This week, I’ve moved onto a new rhythm, called ‘Straight Eighth Feel’. So far, I’m half-way through the examples in the book (there are many variations on this rhythm).
I’ve been consistently practising three times per week, sometimes with my metronome, sometimes with the drumming CD that came with my book.
On Saturday, I’m attending an indoor drum circle.
I practised Djembe three times this week, working on a rhythm called Kasa. I also worked with this rhythm using a metronome, gradually increasing the speed.
Since attending the Muhtadi Festival a few weeks ago, I’ve attended two drum circles – a small one in a park next to the lake, and a BIG one in a city park downtown.
The smaller circle had a more intimate feel and I was a bit intimidated because I could definitely ‘hear’ myself. I kept my rhythms simple and tried to just support the downbeat and keep my ears on the group. With a smaller number of people (10ish), we fell into a groove easily. People wandering through the park joined in or stopped to dance. One dancer was drunk, and he brought a tense energy into the circle, but a snare drummer who had stopped in with his daughter peacefully diffused the situation and the beat went on. I’d love to know just how he did that!
Last night, I took my drum with me to an evening class and stopped by the larger circle afterward. It was huge – there must have been 100 people present. I was gratified to see many other women drummers in the group. Although it was a powerful energy to be amongst so many drummers, the groove sometimes disappeared all together and it would take a few moments of rhythmic chaos before the group managed to come back to a common downbeat.
Both groups were powerful in their own way and I’ll definitely be going back – I suspect this will be the summer of drum circles for me. Participating in a circle has changed the way I drum.
The Muhtadi Drum festival was on this past weekend. I’ve attended it in other years to hear the performances, but this is the first year I attended with my own Djembe. The first day was rainy, but on the second day of the festival I brought my Djembe, Antara, with me.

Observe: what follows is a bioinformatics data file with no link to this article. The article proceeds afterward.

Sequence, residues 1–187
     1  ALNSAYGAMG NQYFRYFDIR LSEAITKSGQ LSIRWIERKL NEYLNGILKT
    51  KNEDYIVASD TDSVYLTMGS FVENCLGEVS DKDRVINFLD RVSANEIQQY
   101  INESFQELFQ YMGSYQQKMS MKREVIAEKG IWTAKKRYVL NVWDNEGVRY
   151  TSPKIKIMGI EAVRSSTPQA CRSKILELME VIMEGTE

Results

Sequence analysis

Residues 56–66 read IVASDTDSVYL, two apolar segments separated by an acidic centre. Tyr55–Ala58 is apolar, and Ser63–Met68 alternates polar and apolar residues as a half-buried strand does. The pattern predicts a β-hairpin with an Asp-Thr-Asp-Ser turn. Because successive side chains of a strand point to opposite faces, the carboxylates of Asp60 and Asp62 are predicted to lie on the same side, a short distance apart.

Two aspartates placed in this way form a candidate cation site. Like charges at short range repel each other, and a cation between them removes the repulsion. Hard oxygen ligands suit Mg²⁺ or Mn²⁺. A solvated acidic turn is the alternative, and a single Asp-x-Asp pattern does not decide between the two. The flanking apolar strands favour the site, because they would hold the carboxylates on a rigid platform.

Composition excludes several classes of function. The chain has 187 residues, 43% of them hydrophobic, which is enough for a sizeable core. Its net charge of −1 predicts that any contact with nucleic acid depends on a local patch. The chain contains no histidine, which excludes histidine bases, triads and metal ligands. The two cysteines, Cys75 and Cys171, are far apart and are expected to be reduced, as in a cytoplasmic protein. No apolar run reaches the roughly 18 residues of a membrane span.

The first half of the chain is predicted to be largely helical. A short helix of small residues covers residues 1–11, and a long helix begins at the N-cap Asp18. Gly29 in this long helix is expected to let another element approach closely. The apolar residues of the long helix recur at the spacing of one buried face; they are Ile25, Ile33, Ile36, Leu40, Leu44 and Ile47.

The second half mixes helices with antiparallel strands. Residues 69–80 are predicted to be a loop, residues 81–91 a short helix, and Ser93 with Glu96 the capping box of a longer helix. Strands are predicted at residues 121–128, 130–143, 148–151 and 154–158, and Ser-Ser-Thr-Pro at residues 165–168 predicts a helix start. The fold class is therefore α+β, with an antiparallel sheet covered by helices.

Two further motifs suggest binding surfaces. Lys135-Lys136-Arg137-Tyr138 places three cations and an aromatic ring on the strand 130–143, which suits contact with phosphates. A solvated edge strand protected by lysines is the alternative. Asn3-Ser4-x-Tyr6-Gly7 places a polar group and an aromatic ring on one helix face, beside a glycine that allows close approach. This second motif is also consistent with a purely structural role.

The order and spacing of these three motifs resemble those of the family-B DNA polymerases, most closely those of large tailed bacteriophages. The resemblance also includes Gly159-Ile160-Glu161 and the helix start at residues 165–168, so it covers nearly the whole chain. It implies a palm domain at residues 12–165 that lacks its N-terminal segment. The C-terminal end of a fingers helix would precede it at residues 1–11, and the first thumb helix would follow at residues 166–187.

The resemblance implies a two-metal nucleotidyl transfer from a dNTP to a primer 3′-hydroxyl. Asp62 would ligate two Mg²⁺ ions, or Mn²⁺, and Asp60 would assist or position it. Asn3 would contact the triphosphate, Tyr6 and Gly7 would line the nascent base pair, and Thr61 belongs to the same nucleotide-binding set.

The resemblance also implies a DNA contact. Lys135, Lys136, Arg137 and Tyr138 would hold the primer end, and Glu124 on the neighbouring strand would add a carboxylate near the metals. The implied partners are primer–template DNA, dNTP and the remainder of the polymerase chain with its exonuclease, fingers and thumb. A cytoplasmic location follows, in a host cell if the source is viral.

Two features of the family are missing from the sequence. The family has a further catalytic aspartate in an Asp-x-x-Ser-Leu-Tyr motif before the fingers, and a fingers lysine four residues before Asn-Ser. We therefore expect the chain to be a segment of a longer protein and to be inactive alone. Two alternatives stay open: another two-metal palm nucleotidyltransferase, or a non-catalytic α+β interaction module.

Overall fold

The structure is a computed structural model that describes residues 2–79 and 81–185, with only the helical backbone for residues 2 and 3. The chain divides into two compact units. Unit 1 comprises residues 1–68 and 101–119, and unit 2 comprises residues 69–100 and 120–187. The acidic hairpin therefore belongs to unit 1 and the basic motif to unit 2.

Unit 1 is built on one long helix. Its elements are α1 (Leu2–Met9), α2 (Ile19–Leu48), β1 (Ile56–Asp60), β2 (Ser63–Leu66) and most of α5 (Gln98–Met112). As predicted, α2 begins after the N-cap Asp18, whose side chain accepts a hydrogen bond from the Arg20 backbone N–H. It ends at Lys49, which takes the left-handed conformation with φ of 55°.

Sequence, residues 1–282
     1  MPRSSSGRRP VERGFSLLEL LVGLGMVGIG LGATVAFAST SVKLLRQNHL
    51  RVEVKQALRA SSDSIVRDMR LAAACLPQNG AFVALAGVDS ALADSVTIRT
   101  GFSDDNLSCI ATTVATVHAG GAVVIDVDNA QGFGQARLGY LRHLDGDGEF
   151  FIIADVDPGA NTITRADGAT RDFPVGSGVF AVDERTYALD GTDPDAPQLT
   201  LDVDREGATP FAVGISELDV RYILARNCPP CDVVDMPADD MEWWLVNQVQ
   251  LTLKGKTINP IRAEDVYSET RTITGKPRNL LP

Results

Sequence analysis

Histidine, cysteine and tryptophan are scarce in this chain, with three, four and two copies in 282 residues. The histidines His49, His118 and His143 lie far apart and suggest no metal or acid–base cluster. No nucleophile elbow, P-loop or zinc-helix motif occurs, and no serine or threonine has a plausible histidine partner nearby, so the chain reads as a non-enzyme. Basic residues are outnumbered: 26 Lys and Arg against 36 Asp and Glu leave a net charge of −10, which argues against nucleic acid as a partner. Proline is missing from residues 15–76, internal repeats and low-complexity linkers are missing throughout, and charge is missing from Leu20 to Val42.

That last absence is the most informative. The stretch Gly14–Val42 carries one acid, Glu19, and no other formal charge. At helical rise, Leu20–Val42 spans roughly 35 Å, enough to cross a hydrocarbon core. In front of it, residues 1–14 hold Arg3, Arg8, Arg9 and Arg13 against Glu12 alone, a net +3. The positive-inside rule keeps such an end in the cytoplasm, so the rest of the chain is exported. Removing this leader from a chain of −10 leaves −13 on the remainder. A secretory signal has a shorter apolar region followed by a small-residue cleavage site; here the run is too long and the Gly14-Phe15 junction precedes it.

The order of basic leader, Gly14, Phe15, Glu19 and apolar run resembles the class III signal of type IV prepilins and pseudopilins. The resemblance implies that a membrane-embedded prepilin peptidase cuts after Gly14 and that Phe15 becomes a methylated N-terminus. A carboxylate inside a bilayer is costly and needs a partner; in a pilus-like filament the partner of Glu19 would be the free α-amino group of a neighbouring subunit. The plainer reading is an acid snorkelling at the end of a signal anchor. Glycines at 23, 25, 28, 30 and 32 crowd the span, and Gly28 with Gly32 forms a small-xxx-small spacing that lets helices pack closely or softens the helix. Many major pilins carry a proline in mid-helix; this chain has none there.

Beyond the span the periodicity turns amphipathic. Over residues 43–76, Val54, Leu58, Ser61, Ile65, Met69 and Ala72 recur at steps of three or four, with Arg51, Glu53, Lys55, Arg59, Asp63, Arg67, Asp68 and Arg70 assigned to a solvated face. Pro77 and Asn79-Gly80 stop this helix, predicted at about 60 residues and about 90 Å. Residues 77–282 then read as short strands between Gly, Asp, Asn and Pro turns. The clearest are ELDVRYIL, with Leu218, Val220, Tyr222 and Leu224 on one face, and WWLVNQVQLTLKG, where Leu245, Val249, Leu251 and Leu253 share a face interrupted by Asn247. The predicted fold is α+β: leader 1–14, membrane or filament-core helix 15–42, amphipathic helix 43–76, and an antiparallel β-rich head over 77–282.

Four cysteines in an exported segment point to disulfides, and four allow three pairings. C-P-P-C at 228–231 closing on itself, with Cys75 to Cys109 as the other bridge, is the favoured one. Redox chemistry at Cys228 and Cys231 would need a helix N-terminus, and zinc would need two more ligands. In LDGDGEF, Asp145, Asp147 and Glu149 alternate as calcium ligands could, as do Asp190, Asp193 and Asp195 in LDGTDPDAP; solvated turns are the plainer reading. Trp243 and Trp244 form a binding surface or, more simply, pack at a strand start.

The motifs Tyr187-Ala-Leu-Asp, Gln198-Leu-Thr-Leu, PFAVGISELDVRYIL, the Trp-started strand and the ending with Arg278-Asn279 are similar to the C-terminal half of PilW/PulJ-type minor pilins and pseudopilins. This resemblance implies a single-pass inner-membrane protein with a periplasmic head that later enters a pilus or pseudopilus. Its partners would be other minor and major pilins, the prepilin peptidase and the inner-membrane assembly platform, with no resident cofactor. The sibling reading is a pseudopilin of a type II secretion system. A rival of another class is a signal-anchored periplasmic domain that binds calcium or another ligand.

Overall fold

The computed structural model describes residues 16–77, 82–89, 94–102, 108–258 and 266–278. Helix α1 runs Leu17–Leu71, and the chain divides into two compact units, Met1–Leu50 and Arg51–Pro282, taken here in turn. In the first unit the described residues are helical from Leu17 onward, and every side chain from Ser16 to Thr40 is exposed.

Since buying Antara last August, I’ve been practising regularly and jammed a few times in the drum store, but I haven’t played in a drum circle. It was late in the summer when I started and by the time I felt ready, it was already getting chilly out. My hope for the festival was that I might find a few open drum circles and possibly even find a regular group to jam with.
Both of my wishes came true! I had several opportunities to join in circles, and I drummed until my hands hurt! ;-) I’ve heard more than once that the best way to improve your drumming is to play with other people and it’s definitely true! In those few hours, I learned so much and gained loads of confidence in my drumming. I know that this will be the way for me to move forward as a Djembe player.
The festival itself was fantastic – lots of vendors, amazing performers from all around the world, including the Djembe Master Amara Kante from the Ivory Coast. The whole experience was inspiring. And it was really special to me to attend this festival as a drummer. Can’t wait for next year!!!
(the image is of Amara Kante)